The most significant and important outcome of this presentation to the Czar was his pledge to my countrymen that Russia would always remember the generosity of the American people in their future relations. Everywhere in St. Petersburg and Moscow, the Russian and American flags were displayed together on the public buildings, so that I look back upon this occasion with a pardonable impression of its international importance. There was a suggestion of this feeling in an address presented to us by the City Council of St. Petersburg, in which a graceful remembrance was made of that occasion in 1868, when a special embassy from the United States, with Mr. G.V. Fox, a Cabinet officer, at its head, visited St. Petersburg and expressed sympathy for Russia and its Sovereign.
Returning from Russia, I continued my preaching tour in England, preaching to immense crowds, estimated in the English newspapers to be from fifteen to twenty thousand people, in the large cities. In Birmingham the crowd followed me into the hotel, where it was necessary to lock the doors to keep them out. What incalculable kindness I received in England! I remember a farewell banquet given me at the Crystal Palace by twenty Nonconformists, at which I was presented with a gold watch from my English friends; and a scene in Swansea, when, after my sermon, they sang Welsh hymns to me in their native language.
Some people wonder how I have kept in such good humour with the world when I have been at times violently assailed or grossly misrepresented. It was because the kindnesses towards me have predominated. For the past thirty or forty years the mercies have carried the day. If I went to the depot there was a carriage to meet me. If I tarried at the hotel some one mysteriously paid the bill. If I were attacked in newspaper or church court there were always those willing to take up for me the cudgels. If I were falsified the lie somehow turned out to my advantage. My enemies have helped me quite as much as my friends. If I preached or lectured I always had a crowd. If I had a boil it was almost always in a comfortable place. If my church burned down I got a better one. I offered a manuscript to a magazine, hoping to get for it forty dollars, which I much needed at the time. The manuscript was courteously returned as not being available; but that article for which I could not get forty dollars has since, in other uses, brought me forty thousand dollars. The caricaturists have sent multitudes of people to hear me preach and lecture. I have had antagonists; but if any man of my day has had more warm personal friends I do not know his name.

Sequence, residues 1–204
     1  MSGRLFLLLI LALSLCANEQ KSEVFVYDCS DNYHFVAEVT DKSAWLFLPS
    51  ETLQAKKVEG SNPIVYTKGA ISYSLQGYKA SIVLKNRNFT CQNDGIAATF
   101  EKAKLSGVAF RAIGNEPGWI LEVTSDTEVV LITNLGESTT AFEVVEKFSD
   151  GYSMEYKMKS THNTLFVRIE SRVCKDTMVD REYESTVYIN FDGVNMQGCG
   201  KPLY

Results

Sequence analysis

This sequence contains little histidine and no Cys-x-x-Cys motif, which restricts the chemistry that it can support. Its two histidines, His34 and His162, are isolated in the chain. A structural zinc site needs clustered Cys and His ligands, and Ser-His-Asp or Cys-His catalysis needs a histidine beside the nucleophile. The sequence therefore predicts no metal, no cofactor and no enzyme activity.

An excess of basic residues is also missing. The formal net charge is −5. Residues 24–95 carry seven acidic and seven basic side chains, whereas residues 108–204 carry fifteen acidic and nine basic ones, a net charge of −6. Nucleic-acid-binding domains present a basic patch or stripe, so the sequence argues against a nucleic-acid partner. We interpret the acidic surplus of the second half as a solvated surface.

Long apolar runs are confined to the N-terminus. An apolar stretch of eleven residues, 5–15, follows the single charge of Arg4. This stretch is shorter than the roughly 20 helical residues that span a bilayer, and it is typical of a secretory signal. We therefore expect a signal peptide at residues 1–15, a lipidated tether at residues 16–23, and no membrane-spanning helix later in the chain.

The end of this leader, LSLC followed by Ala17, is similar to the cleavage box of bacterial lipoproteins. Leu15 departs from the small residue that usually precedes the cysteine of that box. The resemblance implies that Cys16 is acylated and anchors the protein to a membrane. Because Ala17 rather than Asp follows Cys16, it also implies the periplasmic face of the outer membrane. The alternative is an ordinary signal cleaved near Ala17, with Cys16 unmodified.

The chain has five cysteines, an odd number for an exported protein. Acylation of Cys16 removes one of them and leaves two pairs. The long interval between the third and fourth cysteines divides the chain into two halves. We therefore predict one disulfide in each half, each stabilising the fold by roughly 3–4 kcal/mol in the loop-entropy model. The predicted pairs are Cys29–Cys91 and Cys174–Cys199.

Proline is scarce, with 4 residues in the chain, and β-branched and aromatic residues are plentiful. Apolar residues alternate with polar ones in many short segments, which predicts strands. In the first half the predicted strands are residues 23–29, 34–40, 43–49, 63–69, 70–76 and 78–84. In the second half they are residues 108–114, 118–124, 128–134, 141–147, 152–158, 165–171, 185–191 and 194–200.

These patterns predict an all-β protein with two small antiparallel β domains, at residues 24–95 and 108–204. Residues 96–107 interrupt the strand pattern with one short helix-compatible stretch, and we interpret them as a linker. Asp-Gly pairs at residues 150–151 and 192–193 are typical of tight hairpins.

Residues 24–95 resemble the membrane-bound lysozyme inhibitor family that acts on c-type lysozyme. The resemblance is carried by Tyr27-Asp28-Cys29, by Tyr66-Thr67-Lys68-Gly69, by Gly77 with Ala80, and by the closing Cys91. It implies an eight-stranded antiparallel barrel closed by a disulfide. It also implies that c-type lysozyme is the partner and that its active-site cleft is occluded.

I had only one fault to find with the world in my sixty years of travel over it and that was it had treated me too well. In the ordinary course of events, and by the law of the Psalmist, I still had ten more years before me; but, according to my own calculations, life stretched brilliantly ahead of me as far as heart and mind could wish. There were many things to take into consideration. There was the purpose of the future, its obligations, its opportunities to adjust. My whole life had been a series of questions. My course had been the issue of problems, a choice of many ways.